Safety, tolerability, and effects on plasma and cerebrospinal fluid amyloid-β after inhibition of γ-secretase

Eric R. Siemers, Robert A. Dean, Stuart Friedrich, Lisa Ferguson-Sells, Celedon Gonzales, Martin R. Farlow, Patrick C. May

Research output: Contribution to journalArticle

152 Scopus citations

Abstract

OBJECTIVES: γ-Secretase inhibitors may be useful as disease-modifying drugs for the treatment of Alzheimer disease. LY450139 is a γ-secretase inhibitor currently in clinical development, with doses being optimized through the use of biomarkers. METHODS: To further characterize biomarker responses to LY450139, single oral doses of 60, 100, or 140 mg were administered to volunteers without neuropsychiatric disease. Extensive safety assessments were obtained along with measures of changes in amyloid-β (Aβ) in plasma and cerebrospinal fluid (CSF). A measure of the change in plasma Aβ1-40 was derived (area above the curve), which was determined by both the magnitude and duration of Aβ1-40 reduction. RESULTS: A total of 31 subjects (ages 49-53 years, 19 men) were enrolled. With the possible exception of headache, no clinically significant adverse events or laboratory changes were observed. A dose-proportional increase in drug exposure was present in plasma and in CSF. A dose-dependent change in plasma Aβ1-40 area above the curve was also demonstrated. Using the 140-mg dose, a maximum 72.6% reduction in plasma Aβ1-40 was demonstrated that did not return to baseline for more than 12 hours. Cerebrospinal fluid concentrations of Aβ were unchanged 4 hours after drug administration. CONCLUSIONS: These data show that single doses of LY450139 up to 140 mg are accompanied by a dose-dependent plasma Aβ response. No response in CSF Aβ was apparent 4 hours after dosing.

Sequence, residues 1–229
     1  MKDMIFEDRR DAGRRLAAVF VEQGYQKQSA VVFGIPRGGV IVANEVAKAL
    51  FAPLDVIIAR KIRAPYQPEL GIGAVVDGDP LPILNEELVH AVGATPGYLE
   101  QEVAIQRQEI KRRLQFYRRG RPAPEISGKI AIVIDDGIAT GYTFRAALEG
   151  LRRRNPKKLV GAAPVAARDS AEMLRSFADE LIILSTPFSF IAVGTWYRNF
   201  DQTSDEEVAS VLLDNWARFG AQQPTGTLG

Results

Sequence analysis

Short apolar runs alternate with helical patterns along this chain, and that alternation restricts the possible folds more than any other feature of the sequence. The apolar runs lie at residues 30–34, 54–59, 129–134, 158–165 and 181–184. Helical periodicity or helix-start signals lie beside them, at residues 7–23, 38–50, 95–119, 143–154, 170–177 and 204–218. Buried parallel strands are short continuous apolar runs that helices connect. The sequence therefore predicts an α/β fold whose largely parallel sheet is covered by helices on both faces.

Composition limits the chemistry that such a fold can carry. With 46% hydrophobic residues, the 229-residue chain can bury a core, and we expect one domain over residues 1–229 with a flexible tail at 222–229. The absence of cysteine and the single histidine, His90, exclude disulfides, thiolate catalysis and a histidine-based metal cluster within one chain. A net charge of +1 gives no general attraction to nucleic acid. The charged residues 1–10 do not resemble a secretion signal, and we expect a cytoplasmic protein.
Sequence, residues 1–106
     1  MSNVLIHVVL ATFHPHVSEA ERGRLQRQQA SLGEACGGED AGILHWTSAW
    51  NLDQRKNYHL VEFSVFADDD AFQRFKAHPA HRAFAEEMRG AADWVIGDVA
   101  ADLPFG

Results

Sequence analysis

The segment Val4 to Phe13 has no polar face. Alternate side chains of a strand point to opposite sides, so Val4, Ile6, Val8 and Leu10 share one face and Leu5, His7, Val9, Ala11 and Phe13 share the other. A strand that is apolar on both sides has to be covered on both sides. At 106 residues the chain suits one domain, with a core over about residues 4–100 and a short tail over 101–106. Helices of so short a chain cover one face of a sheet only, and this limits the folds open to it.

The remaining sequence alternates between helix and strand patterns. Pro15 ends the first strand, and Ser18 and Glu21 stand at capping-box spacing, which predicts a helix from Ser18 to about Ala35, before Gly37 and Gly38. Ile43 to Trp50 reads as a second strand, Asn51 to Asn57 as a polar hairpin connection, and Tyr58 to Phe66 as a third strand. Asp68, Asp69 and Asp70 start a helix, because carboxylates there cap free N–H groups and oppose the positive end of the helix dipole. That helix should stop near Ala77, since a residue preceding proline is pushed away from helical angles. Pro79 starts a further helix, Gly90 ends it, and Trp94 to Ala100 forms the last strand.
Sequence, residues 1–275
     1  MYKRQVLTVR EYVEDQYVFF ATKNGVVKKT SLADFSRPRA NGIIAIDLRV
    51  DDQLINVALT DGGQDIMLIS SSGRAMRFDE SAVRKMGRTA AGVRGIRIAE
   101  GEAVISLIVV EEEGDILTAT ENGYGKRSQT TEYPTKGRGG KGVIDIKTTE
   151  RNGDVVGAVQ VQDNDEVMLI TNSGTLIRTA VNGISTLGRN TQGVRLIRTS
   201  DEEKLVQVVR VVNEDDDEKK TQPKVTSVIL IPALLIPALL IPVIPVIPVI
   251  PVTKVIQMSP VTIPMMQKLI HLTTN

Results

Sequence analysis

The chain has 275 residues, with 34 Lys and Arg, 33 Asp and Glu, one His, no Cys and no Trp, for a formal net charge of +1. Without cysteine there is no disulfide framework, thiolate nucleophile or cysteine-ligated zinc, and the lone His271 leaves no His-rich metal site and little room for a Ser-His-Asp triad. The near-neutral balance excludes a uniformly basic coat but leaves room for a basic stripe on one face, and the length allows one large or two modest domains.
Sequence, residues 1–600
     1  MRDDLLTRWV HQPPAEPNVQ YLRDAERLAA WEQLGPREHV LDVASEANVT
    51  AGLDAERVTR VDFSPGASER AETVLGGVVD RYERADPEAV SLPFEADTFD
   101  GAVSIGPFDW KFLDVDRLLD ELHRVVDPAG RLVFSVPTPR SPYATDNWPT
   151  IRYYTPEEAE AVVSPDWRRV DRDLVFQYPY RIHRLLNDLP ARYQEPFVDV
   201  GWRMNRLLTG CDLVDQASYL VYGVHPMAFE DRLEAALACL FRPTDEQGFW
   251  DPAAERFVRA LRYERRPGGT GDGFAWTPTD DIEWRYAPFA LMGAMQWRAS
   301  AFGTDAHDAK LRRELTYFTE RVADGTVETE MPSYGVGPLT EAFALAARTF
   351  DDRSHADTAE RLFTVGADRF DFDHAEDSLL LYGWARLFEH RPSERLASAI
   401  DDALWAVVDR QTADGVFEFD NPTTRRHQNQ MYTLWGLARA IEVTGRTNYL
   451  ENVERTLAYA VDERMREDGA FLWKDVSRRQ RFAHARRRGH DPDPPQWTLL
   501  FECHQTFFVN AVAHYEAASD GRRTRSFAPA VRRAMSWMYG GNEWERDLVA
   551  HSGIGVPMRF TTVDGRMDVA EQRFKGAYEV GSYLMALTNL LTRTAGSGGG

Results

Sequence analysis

Original languageEnglish (US)
Pages (from-to)317-325
Number of pages9
JournalClinical neuropharmacology
Volume30
Issue number6
DOIs
StatePublished - Nov 1 2007

Keywords

  • Alzheimer disease
  • Amyloid-beta
  • Gamma-secretase inhibitors

ASJC Scopus subject areas

  • Pharmacology (medical)
  • Clinical Neurology
  • Neuroscience(all)
  • Pharmacology, Toxicology and Pharmaceutics(all)

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